After reaching a record high in August, pending home sales slid for the third consecutive month, as fast-rising home prices and low inventory started to impede the housing market. Higher interest rates this week will present an additional challenge in future data.
The Pending Home Sales Index (PHSI), reported by the National Association of Realtors (NAR), is a forward-looking indicator based on signed contracts. The PHSI fell 2.6% from 129.1 in October to 125.7 in November, the highest level for November. However, on a year-over-year basis, sales were still 16.4% higher than a year ago.
All four regions saw a decline in month-over-month contract activity, ranging from 1.1% in the South to 4.7% in the West. On a year-over-year basis, all four regions saw double-digit year-over-year growths, ranging from 10.4% in the West to 21.3% in the South.
Despite the declines in these three months, pending home sales still outperformed this year and housing demand remained strong due to recent, low mortgage rates. However, rising home prices driven by record-low inventory may hurt affordability, especially first-time buyers. More listings and home construction are needed to meet this rising demand.
On Thursday (Nov. 19), the U.S. Department of Justice announced the filing and proposed settlement of an antitrust case against the National Association of Realtors that alleged the association established and enforced illegal restraints on the ways Realtors compete.
With the case filing, the Antitrust Division simultaneously filed a proposed settlement that requires NAR to repeal and modify its rules to provide greater transparency to home buyers about the commissions of brokers representing home buyers (buyer brokers), cease misrepresenting that buyer broker services are free, eliminate rules that prohibit filtering multiple listing services (MLS) listings based on the level of buyer broker commissions, and change its rules and policy which limit access to lockboxes to only NAR-affiliated real estate brokers. If approved, the settlement will enhance competition in the real estate market, resulting in more choice and better service for consumers, according to the U.S. Department of Justice.
The National Association of Realtors announced on its website on Thursday that NAR had reached an agreement with the U.S. Department of Justice to develop rules that more explicitly state what is already the spirit and intent of NAR’s Code of Ethics and MLS policies regarding providing information about commissions and MLS participation.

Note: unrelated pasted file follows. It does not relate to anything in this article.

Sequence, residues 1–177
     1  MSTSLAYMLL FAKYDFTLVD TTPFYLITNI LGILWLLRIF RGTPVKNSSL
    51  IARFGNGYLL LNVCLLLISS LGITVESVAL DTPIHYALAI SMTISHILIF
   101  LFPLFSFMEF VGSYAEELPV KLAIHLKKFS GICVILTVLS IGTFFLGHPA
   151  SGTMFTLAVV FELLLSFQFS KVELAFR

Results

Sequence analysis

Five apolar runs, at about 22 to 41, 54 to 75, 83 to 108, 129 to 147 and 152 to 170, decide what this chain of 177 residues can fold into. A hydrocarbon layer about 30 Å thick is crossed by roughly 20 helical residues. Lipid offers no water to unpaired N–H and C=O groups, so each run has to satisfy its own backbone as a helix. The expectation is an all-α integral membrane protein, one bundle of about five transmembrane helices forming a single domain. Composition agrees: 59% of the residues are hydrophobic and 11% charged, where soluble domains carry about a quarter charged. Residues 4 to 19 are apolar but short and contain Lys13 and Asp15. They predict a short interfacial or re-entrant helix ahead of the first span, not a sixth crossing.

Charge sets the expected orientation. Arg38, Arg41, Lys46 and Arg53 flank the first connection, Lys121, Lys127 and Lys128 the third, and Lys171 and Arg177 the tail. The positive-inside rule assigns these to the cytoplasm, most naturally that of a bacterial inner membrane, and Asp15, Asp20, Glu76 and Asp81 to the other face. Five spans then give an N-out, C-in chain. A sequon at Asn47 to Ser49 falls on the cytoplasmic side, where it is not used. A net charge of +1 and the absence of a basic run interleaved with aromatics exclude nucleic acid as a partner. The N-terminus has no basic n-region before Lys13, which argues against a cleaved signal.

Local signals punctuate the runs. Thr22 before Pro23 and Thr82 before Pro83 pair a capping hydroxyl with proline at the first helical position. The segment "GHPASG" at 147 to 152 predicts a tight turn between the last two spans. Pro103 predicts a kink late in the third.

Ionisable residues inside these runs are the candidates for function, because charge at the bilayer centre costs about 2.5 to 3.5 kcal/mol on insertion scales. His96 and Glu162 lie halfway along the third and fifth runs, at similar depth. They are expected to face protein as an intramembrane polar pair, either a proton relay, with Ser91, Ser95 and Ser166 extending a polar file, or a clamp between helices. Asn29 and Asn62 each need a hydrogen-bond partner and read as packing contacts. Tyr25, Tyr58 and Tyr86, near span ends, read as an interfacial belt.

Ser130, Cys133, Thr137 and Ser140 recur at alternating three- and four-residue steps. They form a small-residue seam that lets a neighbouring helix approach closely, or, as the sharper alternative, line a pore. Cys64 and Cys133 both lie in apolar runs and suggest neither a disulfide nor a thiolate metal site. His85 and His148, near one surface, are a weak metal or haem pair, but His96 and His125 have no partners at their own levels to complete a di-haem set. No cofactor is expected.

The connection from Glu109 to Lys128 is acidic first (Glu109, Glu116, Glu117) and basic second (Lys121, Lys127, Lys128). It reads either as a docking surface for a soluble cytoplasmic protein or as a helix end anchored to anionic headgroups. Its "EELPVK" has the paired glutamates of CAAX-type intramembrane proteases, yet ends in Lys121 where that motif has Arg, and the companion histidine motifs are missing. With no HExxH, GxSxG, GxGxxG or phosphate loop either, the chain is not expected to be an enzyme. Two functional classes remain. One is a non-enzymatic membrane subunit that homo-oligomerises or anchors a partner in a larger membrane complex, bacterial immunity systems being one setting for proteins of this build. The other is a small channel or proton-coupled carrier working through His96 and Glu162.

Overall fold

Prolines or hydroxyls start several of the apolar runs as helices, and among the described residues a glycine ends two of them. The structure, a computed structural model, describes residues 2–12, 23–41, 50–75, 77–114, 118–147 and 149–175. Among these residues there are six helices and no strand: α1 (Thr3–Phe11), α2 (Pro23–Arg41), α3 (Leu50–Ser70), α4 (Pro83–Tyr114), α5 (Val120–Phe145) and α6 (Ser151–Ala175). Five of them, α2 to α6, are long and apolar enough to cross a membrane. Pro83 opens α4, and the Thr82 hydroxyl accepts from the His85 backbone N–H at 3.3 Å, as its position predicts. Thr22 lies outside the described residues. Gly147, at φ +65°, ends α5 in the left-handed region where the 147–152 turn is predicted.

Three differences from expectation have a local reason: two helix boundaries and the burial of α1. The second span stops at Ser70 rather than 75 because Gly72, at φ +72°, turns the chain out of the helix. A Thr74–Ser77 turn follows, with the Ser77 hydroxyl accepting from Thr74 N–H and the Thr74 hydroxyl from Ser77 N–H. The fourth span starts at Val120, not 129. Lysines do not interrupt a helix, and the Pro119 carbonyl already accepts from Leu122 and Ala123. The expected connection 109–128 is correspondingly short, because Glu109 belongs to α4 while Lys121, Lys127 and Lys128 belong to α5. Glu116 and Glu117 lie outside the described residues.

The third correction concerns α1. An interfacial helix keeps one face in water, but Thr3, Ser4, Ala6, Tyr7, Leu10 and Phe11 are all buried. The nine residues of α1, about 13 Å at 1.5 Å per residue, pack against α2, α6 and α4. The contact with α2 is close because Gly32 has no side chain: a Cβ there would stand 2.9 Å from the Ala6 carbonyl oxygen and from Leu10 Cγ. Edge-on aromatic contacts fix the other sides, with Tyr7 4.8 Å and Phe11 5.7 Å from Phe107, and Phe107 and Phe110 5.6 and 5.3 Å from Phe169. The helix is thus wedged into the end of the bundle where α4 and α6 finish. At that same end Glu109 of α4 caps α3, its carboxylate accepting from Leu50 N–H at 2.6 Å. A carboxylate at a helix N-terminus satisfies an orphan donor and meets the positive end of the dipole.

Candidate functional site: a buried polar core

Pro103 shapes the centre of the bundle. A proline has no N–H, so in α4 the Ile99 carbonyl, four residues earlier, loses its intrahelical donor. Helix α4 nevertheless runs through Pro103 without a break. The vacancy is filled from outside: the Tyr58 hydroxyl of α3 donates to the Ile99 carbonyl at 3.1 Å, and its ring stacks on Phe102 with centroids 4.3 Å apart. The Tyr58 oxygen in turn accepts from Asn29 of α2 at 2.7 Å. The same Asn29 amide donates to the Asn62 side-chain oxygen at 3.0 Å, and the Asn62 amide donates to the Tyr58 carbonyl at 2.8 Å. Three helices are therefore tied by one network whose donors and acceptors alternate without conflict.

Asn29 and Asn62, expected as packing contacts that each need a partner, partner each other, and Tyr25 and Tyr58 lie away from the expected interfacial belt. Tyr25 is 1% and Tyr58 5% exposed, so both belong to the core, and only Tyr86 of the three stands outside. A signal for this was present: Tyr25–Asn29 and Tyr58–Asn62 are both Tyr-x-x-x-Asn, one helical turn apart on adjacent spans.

The announcement authored by NAR General Counsel Katie Johnson in the Realtor Magazine section of the association’s website, stated, “Our rules and policies have long been recognized for creating a competitive and efficient market that benefits home buyers and sellers. This agreement resolves the DOJ’s questions about the multiple listing service (MLS) and commissions and enables NAR to remain focused on supporting our members as they preserve, protect, and advance the American dream of homeownership,” NAR
NAR 2021 President Charlie Oppler said in a videotaped statement, “We want to be absolutely clear that while NAR disagrees with the characterization of our rules and policies and NAR admits no liability, wrongdoing or truth of any allegations by the DOJ, NAR has agreed to make certain changes to its rules to address the questions raised by the DOJ.”
NAR’s Johnson, who also serves as the association’s Chief Member Experience Officer, stated that although the exact language of the settlement agreement is still being finalized for NAR’s rule changes, most of the changes seek to more explicitly state what is already the spirit and intent of NAR’s Code of Ethics and MLS policies regarding providing information about commissions and MLS participation.
“Buying a home is one of life’s biggest and most important financial decisions,” said Assistant Attorney General Makan Delrahim of the Justice Department’s Antitrust Division. “Home buyers and sellers should be aware of all the broker fees they are paying. Today’s settlement prevents traditional brokers from impeding competition—including by internet-based methods of home buying and selling—by providing greater transparency to consumers about broker fees. This will increase price competition among brokers and lead to better quality of services for American home buyers and sellers.”
According to the complaint, NAR’s anticompetitive rules, policies, and practices include: (i) prohibiting MLSs that are affiliated with NAR from disclosing to prospective buyers the commission that the buyer broker will earn; (ii) allowing buyer brokers to misrepresent to buyers that a buyer broker’s services are free; (iii) enabling buyer brokers to filter MLS listings based on the level of buyer broker commissions offered; and (iv) limiting access to the lockboxes that provide licensed brokers with access to homes for sale to brokers who work for a NAR-affiliated MLS. These NAR rules, policies, practices have been widely adopted by NAR-affiliated MLSs resulting in decreased competition among real estate brokers, the DOJ charged.